While Agrawal’s article argues that those in Silicon Valley are developing for people who’re as saturated as they are, I think that he’s really missing what makes the Valley what it is. For decades, we’ve seen interesting ideas and products come out of California that are absolute flops. They’re not flops because the products are necessarily bad but because the deliverables don’t identify a real problem or offer a real solution. That’s not a bad thing, and critiques along grounds of ‘flops’ (and crafting products for the future, rather than the past) misses what’s important about the Valley’s function as a thought incubator: ideas are crafted and honed, underlying principles and technical challenges are ironed out, and eventually some bits and pieces of “failed” ideas and products tend to be integrated into the future’s successful product lines.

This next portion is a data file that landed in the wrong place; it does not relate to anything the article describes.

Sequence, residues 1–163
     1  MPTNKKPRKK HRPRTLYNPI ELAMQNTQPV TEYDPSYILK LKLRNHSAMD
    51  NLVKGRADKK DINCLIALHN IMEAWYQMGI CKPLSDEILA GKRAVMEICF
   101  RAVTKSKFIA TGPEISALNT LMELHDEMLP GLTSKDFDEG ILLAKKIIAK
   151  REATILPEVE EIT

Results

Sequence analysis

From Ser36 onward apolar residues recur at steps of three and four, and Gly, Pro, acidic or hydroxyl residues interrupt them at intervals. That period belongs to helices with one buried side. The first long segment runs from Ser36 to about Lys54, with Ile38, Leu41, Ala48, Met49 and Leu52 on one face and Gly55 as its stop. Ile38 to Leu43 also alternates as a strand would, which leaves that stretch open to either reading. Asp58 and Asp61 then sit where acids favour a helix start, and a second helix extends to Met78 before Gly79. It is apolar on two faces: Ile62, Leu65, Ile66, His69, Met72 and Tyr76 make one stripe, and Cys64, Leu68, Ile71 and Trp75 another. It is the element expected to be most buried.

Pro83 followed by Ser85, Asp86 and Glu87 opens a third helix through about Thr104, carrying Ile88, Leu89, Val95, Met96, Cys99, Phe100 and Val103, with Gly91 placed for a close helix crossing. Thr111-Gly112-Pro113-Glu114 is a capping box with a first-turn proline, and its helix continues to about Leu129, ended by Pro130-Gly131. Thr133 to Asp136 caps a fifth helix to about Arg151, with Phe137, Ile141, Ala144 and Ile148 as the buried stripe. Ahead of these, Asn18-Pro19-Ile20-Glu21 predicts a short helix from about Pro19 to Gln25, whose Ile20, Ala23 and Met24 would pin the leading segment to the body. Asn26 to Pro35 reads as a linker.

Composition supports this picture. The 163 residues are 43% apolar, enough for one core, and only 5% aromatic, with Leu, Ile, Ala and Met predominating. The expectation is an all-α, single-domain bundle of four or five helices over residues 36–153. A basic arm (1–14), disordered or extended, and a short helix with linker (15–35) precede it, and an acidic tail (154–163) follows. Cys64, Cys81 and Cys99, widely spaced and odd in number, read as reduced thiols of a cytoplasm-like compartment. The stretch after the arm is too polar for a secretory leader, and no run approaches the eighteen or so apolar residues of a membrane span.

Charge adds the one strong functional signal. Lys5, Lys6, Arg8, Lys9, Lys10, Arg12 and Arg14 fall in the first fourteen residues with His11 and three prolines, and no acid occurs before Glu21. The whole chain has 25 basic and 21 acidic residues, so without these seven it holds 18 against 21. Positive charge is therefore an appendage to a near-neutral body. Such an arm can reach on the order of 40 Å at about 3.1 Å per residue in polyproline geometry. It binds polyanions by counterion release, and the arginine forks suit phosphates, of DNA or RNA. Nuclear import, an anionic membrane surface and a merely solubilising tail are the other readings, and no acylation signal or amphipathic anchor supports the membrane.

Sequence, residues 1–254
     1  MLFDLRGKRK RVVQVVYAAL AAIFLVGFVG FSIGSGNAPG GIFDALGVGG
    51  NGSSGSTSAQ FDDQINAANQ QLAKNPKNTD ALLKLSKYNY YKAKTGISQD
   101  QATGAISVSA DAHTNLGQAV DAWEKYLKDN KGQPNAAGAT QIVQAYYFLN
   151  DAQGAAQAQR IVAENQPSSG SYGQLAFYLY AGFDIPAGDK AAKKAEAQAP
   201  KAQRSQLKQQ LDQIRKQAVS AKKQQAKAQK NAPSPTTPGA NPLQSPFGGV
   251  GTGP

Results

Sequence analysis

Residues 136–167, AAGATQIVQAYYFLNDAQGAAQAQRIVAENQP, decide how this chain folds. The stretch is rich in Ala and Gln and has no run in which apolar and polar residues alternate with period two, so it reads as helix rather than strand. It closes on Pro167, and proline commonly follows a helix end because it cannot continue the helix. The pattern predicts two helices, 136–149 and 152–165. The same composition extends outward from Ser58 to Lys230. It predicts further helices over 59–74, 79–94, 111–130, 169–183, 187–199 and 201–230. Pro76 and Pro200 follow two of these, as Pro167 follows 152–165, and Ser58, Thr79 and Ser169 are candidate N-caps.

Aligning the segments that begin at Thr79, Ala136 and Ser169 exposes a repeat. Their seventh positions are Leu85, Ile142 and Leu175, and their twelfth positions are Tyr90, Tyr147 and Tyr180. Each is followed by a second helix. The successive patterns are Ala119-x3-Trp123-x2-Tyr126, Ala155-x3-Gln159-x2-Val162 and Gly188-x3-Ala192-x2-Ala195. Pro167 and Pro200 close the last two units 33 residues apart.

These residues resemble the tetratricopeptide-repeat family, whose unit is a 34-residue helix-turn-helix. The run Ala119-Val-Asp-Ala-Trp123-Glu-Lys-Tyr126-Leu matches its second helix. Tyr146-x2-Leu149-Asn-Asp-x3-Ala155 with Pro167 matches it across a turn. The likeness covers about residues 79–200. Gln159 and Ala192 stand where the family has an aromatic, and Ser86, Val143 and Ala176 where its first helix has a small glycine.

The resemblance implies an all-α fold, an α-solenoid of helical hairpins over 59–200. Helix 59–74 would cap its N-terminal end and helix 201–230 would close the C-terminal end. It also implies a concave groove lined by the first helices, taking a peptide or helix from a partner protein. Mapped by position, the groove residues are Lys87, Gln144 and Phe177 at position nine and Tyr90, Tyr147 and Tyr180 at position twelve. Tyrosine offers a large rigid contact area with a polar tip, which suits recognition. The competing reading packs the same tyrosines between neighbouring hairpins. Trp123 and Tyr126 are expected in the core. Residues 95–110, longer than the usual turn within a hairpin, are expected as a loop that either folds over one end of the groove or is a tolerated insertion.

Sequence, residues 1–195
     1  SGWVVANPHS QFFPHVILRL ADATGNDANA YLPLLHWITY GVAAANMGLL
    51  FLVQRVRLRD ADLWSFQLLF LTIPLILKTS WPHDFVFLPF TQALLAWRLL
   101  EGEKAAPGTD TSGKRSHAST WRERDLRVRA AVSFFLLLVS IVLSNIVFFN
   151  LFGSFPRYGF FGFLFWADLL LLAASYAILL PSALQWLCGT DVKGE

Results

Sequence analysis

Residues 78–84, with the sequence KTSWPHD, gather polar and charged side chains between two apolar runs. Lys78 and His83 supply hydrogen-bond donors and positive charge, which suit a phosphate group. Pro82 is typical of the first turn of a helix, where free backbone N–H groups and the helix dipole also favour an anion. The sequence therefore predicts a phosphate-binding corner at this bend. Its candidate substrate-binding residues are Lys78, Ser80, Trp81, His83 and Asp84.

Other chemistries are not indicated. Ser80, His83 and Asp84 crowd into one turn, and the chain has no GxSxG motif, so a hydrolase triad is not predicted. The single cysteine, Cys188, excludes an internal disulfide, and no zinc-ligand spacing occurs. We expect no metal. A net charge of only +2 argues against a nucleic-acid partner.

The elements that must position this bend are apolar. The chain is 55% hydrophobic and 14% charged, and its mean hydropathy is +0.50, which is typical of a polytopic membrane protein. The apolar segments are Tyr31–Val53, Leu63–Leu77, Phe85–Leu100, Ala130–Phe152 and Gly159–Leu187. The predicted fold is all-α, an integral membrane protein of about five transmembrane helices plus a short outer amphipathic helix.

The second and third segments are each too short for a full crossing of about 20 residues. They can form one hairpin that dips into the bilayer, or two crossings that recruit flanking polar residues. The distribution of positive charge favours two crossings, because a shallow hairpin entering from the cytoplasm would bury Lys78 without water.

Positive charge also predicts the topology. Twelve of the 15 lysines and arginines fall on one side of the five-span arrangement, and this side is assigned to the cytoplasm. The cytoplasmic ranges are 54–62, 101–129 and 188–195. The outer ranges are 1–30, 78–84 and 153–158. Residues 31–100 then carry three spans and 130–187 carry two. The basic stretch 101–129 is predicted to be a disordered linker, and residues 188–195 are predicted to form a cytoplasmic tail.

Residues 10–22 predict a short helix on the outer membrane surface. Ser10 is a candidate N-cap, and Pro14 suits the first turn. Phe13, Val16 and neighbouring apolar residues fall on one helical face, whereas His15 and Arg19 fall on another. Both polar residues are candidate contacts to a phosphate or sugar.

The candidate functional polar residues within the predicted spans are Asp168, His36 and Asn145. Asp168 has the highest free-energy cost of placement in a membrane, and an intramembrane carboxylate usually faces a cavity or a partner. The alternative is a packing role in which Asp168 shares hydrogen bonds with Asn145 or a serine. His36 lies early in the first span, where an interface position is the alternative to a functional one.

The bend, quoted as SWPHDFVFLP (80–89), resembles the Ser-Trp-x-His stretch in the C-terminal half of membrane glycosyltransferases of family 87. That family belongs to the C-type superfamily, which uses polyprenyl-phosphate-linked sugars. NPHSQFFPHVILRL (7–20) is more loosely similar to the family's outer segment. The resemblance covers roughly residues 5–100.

Innovative development, much like scholarly work, is often intellectually exciting and vibrant while lacking a direct market output. It’s because we can test, experiment, and play that cool things ultimately come out of the ether. If we demand that most, or all, of Silicon Valley’s (and academia’s) projects meet existing problems, and avoid dreamlike solutions to undefined issues, we’re going to see a lot less interesting and novel things that (seemingly) pop out of nowhere.